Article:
Fairy tales bring to mind images of Little Red Riding Hood, Hansel and Gretel and The Three Little Pigs. The science of physics? Not so much.
But over the next several weeks, central Indiana will have the opportunity to experience Fables, Fairy Tales & Physics, Butler University's second annual ArtsFest. The 14-day event runs now through Sunday, April 13, with a special encore weekend Friday, April 25 through Sunday, April 27.
Sky Blue Window had the opportunity to sit down with Ron Caltabiano, dean of Butler's Jordan College of Arts, and the following is what the mastermind behind the university's cultural festival of arts had to say.
Sky Blue Window: How did Fables, Fairy Tales & Physics become this year's theme?
Ron Caltabiano: We wanted to do something that was a little lighter on the surface than our first year, Revolution, and we liked fairy tales and fables because it's superficially light and you can go into any depth you wish. Of course some fairy tales and some fables are very dark, and we're doing both. Then the Indianapolis Symphony [Orchestra] came up with a project on the physics of music, and we thought about that for a while and found that it was so relevant to what we are doing that we decided to embrace that.
SBW: Can you give us an example of how the Jordan College of Arts will pair up with other departments for some of the performances?
RC: We are using the Holcomb Observatory, and this is another way that physics, or at least astrophysics, come together. We are doing an opera called The World on the Moon, which we think will be the world's first science fiction opera. The second act takes place "on the moon." We are staging the opera, for only 35 people at a time, in the Holcomb Observatory planetarium, so that's a collaboration across colleges. The building was built in the 1950s, and the opera is taking place in the '50s. It's a work that has to do with science, at least science fiction ... it really works out beautifully.
SBW: That's a very cool concept. What will it involve?
RC: It's totally re-conceiving this kind of an opera. The World on the Moon is something that's kind of new. The opera was originally three hours long, with a full-sized cast and a full opera, and we're doing it in 75 minutes with a small cast and an ensemble of three, instead of an orchestra. It really is something you can only find at Butler ArtsFest.
SBW: It sounds as if there are a lot of collaborations within the different departments to make some of these performances work. What are some interesting examples of this that we should check out?
RC: On Friday night (April 4) we will have an event called Once Upon a Dream, where Jordan College brings together this terrific storyteller, Deborah Asante, and an aerialist who has worked with Cirque de Soleil and America's Got Talent. We're also doing a piece called The Soldier's Tale, which is an absolute collaboration between music, dance and theater. If you look at some of the people that are doing lectures for ArtsFest this year, they come from around the university, and so that's especially collaborative as well.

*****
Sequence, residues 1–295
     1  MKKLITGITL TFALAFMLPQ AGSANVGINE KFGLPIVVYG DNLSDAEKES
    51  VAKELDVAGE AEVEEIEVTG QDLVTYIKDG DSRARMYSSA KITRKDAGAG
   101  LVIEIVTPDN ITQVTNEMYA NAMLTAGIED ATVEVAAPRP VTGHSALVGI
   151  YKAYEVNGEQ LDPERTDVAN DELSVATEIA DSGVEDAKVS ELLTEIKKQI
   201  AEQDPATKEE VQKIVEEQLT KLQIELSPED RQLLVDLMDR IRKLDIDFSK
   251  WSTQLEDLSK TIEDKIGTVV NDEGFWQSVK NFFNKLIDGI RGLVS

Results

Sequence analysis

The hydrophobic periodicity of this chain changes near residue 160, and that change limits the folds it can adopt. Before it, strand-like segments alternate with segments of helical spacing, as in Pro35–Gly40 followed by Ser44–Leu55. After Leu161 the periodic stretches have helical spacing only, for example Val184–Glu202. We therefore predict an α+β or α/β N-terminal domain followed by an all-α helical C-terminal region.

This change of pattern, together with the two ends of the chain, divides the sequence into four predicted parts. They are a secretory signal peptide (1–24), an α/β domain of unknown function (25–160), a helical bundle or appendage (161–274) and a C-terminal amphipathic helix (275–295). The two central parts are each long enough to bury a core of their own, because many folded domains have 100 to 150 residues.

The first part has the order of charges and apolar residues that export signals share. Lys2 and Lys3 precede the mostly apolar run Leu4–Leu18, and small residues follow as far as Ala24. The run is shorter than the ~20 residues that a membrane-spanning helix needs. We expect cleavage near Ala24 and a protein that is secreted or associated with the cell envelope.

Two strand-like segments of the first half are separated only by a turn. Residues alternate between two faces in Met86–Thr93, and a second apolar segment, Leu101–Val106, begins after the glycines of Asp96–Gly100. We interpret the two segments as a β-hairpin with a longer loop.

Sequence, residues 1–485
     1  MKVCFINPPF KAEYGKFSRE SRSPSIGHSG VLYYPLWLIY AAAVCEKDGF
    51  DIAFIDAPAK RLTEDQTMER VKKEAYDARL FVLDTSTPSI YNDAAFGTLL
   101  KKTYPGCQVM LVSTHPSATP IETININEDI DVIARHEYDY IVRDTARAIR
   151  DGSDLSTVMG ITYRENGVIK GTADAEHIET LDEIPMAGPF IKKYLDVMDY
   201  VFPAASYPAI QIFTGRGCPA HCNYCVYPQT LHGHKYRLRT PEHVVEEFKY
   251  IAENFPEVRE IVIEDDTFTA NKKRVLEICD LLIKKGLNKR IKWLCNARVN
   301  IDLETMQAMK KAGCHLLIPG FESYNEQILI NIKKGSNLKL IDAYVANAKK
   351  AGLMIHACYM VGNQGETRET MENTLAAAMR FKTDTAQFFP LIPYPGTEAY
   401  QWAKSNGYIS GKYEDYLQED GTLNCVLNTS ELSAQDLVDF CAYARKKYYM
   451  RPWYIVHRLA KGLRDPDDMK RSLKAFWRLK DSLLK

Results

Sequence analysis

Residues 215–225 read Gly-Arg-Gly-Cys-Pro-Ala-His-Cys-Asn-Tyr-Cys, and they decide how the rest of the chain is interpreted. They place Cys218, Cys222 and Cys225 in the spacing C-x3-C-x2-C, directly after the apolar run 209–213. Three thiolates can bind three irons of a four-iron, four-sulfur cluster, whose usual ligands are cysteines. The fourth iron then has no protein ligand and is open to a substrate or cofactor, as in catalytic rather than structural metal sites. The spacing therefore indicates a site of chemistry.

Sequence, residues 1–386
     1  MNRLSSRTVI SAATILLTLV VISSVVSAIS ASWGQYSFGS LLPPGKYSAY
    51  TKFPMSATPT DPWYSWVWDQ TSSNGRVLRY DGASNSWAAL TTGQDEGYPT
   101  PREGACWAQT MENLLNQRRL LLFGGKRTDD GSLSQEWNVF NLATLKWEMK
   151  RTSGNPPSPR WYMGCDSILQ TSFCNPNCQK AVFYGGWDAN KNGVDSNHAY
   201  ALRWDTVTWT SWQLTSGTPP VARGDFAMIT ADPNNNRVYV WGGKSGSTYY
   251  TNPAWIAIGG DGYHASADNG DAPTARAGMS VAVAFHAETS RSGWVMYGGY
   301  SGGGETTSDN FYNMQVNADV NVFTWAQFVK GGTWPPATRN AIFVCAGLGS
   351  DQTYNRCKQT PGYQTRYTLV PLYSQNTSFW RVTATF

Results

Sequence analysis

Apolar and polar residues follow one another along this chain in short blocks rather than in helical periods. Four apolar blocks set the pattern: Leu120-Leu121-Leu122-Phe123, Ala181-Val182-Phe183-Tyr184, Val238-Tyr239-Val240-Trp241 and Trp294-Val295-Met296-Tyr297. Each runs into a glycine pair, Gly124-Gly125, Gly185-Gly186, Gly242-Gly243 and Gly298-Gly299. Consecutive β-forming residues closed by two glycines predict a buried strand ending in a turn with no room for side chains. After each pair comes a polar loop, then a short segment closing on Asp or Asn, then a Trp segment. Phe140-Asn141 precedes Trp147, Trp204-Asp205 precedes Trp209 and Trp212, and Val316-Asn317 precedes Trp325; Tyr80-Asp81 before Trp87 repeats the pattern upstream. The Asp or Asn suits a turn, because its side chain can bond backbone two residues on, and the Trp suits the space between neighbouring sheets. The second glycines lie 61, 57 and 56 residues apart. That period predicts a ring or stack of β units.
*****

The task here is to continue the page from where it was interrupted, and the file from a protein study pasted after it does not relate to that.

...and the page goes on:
SBW: What went into the selection of the lineup of events?
RC: We want variety and extremely high levels of everything that we do. So it made great sense for us to bring in say, Angela Brown, one of the great sopranos in the world. Not only is she performing with our kids, but she's rehearsing and giving a master class. That says something about vocal music at Butler, about all music at Butler -- that we're working at that kind of level. We're also trying to reach new audiences, for example. One focus that we have is African-American stars, such as Angela Brown, Deborah Asante, and the Blind Boys of Alabama who do just sizzling gospel jazz. There's also a group of works related to Russian culture. They include The Two Maples, Stravinsky's The Soldier's Tale, and Cinderella, which is by a Russian composer. Also, this year's ArtFest features a host of events for children -- and by children, including The Two Maples and Cinderella, along with various others. So we're doing particular outreach to some groups, and we've helped focus those communities with particular events.
SBW: How long did it take to put this all together?
RC: It's a very long process, more than a year certainly. We are working right now on ArtsFest 2015 and 2016.
SBW: The "Encore Weekend" is new this year. How did that come about?
RC: As we began to put the package of events together, we found reason to expand. I don't know if this is going to be an every-year thing, but this year we thought that leaving this special weekend for Cinderella and the Indianapolis Symphony was the way to go.
SBW: What do you see for the future of ArtsFest? And how do you propose it will get you there?
RC: I want it to become the arts festival that Indianapolis needs and wants. We're not going to figure that out in one or two festivals. We'll likely figure it out in five or six. Whether that's a bigger or smaller event, with more local or more international performers, we're going to figure it out as we go along. We will need support from the community; we'll need people to come and enjoy what we've got. And we'll need them show that they appreciate what we're doing.